Previously on The Crimson Field: Catherine had a lover and a baby and now her mother won’t speak to her. Rosalie is so repressed she can’t bear the sight of a penis, and when Joan tried to help her Rosalie completely lost it and went running straight into Quayle’s waiting arms.
Tom sits in his tent, fantasizing about Catherine in her underwear, standing in the surf at the beach. He’s rudely interrupted by some douchebag hammering on the typewriter and telling Tom to wake up. He grabs his coat and walks through the tents, watched a little nervously by Catherine.
Previously on The Crimson Field: Three volunteers and one nurse arrived at a field hospital in 1915 France, ready to do some healing.
Catherine wakes with a cry from a nightmare, dresses, and goes out for a walk to the beach, where she sits and looks at a letter until the sun comes up.
A little later, we see her back at the camp, writing a letter of her own—a begging one, from what we can see of it. As she goes to post it, she runs into Grace, who opens the post box and removes the letter once Catherine’s gone. In her office, Grace opens the letter and reads it.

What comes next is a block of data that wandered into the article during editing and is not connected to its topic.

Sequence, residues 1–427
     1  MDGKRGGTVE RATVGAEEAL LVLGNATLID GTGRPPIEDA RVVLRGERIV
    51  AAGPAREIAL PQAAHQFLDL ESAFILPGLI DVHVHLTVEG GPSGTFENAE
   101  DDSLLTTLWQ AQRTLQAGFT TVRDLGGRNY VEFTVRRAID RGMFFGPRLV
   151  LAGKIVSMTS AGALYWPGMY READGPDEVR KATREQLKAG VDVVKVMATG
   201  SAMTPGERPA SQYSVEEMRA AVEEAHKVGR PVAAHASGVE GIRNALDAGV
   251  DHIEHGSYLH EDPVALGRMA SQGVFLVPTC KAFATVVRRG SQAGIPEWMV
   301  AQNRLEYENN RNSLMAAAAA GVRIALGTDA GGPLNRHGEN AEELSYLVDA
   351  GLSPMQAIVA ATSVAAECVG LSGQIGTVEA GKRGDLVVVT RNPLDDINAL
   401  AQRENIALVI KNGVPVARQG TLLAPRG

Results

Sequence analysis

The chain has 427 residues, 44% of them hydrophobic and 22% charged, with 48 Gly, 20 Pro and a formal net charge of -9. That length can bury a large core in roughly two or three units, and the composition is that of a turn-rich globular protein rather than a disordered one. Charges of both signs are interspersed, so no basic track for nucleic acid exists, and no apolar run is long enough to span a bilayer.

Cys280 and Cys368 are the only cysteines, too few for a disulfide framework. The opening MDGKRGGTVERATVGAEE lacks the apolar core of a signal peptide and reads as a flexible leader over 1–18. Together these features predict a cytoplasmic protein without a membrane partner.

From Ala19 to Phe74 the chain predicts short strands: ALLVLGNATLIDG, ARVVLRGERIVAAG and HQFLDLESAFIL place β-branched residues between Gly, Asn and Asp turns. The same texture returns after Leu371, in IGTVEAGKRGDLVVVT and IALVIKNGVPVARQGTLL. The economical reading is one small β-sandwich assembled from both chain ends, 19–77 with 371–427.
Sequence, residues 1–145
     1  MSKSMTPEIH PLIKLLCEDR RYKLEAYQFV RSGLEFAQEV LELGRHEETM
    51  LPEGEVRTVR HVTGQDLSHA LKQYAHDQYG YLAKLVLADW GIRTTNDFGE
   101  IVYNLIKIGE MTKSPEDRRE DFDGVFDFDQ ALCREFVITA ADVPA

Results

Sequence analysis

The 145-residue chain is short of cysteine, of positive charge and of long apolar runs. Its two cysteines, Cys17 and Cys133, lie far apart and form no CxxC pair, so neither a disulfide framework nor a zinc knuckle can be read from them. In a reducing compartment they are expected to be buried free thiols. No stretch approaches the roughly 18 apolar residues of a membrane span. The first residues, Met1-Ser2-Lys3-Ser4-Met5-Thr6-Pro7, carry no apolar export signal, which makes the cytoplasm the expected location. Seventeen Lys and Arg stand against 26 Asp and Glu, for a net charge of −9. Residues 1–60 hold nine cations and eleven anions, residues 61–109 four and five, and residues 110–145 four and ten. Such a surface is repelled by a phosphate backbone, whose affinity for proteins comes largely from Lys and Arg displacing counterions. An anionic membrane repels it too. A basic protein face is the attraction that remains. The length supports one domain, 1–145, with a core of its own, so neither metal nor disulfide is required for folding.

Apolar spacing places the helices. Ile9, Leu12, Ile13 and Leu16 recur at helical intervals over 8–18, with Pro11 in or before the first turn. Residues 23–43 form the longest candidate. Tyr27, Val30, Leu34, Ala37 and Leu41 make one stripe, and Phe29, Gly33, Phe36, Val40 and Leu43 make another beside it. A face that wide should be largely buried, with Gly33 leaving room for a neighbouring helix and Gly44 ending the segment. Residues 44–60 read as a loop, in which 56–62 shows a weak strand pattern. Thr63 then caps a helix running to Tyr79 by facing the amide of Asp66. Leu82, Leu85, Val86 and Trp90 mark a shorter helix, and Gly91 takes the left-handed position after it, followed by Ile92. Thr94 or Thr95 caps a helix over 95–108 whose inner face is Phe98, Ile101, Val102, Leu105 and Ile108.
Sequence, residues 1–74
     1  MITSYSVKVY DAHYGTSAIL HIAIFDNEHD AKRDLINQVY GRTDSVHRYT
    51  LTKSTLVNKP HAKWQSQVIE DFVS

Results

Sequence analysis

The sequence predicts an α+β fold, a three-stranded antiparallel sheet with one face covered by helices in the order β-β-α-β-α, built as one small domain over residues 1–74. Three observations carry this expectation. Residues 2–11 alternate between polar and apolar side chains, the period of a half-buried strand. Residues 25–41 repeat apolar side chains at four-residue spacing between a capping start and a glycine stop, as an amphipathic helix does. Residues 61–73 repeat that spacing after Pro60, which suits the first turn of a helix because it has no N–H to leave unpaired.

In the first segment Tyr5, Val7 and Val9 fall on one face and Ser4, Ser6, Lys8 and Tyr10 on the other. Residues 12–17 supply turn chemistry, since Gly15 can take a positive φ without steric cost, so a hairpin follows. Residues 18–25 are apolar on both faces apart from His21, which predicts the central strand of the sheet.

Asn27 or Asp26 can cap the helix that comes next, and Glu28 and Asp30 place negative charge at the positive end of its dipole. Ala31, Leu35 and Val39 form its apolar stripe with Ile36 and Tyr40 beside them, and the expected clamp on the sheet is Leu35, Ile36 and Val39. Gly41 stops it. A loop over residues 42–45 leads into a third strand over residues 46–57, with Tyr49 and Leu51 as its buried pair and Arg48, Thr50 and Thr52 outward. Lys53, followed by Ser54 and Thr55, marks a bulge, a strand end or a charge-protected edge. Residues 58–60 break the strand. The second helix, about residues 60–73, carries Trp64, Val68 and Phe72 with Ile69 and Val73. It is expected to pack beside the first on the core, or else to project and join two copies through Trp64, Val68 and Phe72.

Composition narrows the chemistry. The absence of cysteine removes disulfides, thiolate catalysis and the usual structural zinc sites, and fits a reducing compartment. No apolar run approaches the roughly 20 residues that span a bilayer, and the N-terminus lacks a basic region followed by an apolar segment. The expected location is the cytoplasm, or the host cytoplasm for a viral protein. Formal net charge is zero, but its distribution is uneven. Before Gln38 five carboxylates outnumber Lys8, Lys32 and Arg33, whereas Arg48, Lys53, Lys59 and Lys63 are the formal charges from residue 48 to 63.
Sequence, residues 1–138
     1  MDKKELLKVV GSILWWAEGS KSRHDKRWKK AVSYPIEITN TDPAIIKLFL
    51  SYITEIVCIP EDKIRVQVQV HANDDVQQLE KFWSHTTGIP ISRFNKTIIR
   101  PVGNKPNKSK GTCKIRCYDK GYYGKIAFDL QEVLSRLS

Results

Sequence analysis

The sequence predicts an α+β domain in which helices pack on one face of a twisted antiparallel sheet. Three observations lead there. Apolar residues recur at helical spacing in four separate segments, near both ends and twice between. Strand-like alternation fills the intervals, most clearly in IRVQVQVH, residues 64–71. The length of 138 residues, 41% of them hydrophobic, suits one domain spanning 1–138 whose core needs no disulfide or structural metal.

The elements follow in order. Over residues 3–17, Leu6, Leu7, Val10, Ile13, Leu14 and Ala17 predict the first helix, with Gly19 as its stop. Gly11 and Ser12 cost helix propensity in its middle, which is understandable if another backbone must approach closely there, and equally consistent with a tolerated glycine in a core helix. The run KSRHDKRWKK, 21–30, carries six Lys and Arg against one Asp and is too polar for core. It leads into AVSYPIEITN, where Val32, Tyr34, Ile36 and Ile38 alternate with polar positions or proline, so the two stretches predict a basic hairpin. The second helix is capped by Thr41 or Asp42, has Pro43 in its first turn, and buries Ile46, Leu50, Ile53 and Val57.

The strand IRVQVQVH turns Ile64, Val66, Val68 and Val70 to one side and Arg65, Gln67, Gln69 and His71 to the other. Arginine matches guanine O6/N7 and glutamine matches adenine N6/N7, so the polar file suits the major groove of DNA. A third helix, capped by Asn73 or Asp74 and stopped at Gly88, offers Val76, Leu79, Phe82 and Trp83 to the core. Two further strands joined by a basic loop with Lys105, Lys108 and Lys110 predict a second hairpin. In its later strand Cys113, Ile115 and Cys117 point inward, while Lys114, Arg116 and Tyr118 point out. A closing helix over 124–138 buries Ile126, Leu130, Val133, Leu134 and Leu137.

There’s something we all need to accept about Sunday evening BBC programming: it’s generally feelgood stuff. They want your heart to be warmed before you start your workweek. So, we’re not going to get terribly hard-hitting or experimental drama. No Ripper Street or Prime Suspect. I think it’s important to keep this in mind when watching (and, in my case, recapping and reviewing) shows that come on at this time. Not that we can’t criticize them when they’re really awful or the writing/acting/directing are lazy, but maybe we just need to adjust our standards a bit.
So, the Crimson Field. We start out on board ship, as a young woman (played by Oona Chaplin, granddaughter of Charlie, whom we last saw getting belly stabbed at the Red Wedding) tosses a wedding band overboard before disembarking. This is Catherine, and she’s just arrived in Boulogne in 1915. On the wharf, she passes an eager girl clutching a cake tin who introduces herself as Flora and is so excited to be in France. They catch up with a redheaded woman, Rosalie, and are all bundled off by an officious middle-aged officer to their transportation to hospital 25A, near the front.